Garden Warfare: How Plants Protect Themselves from Predators
An interesting thing about plants is that they all have some sort of defense mechanism against their predators. These defense mechanisms can appeal to several senses: touch, smell, and taste. Some plants even have multiple defense mechanisms.
I decided to walk around the garden and search for these defenses on some of the crops that we grow.
For me the most apparent defense system is that of squash and zucchini plants.
If you look closely the stems and leaves of the zucchini plant are covered in translucent thorns. These thorns act as protection for the plant. The thorns that cover the bottom of the leaves and the entire body of the vines keep the plant safe from bugs and other predators that would like to eat the green flesh. The thorns are also very irritating for human flesh. I would recommend wearing gloves when harvesting squash (though I think I need to listen to my own advice.)
Squash also has a scent-mechanism. When I am picking squash or zucchini in the garden I notice the acrid smell that rubs off on my hands and sleeves. This is another form of protection that the plant uses. For instance, the stench of squash and zucchini plants is known to ward off deer. So if you or someone you know is having a problem with deer eating crops in the garden, there is always the option of planting squash around the appetizing plant to fend off the deer.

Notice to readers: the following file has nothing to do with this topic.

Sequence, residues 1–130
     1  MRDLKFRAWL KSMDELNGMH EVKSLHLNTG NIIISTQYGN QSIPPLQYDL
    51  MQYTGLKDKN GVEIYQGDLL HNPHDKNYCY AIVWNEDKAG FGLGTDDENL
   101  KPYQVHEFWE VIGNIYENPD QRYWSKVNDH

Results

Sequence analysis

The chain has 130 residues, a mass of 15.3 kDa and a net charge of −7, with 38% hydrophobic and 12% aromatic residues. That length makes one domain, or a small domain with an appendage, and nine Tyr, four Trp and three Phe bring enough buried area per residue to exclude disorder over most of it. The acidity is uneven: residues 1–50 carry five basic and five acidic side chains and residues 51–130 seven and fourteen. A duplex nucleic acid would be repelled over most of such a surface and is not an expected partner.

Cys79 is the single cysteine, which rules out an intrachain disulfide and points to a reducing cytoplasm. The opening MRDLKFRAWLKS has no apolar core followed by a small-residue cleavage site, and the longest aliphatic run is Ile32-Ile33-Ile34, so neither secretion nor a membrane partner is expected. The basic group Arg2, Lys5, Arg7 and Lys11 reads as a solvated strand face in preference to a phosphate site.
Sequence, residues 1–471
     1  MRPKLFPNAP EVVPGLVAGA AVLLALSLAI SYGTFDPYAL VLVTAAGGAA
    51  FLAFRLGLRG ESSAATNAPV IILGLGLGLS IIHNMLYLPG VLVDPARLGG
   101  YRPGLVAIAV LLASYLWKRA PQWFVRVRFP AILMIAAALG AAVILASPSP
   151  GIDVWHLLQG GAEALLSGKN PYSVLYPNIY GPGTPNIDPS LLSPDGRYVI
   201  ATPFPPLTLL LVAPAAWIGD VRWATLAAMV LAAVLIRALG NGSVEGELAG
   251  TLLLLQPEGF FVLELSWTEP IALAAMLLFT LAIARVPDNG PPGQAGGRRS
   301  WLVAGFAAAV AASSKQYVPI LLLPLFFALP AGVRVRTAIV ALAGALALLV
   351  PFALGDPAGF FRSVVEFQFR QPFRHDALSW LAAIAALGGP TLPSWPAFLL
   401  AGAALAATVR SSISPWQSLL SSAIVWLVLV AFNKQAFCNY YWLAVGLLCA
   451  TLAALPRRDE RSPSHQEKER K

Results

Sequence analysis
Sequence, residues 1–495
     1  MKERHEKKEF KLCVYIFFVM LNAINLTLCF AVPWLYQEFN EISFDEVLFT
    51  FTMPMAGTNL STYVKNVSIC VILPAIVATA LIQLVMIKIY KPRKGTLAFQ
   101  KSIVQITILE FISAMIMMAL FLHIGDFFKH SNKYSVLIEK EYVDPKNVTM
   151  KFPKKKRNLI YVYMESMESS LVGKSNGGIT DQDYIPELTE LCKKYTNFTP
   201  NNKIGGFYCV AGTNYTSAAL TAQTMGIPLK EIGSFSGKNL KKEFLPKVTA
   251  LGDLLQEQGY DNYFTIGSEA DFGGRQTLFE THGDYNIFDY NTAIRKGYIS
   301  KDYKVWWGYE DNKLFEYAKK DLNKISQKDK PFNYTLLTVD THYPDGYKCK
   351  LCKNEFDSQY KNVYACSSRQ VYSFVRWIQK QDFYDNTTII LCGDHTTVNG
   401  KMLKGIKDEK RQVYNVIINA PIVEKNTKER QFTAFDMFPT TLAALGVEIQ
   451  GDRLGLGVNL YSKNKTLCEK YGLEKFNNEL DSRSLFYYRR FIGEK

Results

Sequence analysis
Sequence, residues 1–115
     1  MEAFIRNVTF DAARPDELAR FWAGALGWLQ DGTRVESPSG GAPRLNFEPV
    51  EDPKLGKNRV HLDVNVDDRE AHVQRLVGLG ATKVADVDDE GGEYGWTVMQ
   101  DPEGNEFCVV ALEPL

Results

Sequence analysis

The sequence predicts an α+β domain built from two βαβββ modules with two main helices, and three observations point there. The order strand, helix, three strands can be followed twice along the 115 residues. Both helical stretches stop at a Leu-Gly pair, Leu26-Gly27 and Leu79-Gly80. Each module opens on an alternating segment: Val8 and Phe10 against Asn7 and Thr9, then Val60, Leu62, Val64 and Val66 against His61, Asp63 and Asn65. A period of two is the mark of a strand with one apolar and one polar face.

Another crop that we grow in the garden that has defensive mechanisms is the cabbage. When a cabbage leaf is cut or eaten by a predator, the cabbage will emit a gas—methyl jasmonate. This gas sends a signal to the cabbages around it. When the signal is received, the nearby cabbages exude toxic chemicals in their leafs to ward off the potential predator that is noshing on the cabbages.
Plants also alter their flavor to protect themselves. Fruits and vegetables that have tannins, or tannic acid, in them, use this compound to protect themselves. There are several crops in the garden that contain tannins. These include: beets, cabbage, collard greens, spinach, peas, pumpkins, and zucchini. The tannins are more present when the fruit is unripe. Therefore the plant is protecting itself from being eaten before it is fully ripe so that the seeds will be fully developed when they proceed to the exterior world beyond the fruit.